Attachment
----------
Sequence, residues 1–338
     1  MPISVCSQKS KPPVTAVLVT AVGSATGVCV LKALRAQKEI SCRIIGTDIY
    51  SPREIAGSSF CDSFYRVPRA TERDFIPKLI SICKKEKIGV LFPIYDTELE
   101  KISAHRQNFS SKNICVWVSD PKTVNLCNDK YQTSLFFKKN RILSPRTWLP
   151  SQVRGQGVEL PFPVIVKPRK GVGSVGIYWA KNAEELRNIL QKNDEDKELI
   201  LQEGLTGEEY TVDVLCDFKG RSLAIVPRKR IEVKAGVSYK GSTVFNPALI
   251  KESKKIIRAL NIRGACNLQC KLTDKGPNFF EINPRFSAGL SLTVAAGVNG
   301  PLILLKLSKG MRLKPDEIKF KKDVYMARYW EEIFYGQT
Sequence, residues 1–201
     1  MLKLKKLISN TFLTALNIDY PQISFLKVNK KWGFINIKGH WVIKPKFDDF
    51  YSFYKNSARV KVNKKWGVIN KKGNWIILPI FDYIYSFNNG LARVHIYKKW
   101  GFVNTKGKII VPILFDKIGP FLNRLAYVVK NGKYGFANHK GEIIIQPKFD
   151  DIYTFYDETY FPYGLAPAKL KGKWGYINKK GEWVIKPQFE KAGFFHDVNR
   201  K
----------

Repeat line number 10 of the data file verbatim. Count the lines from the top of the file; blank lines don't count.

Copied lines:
     1  MLKLKKLISN TFLTALNIDY PQISFLKVNK KWGFINIKGH WVIKPKFDDF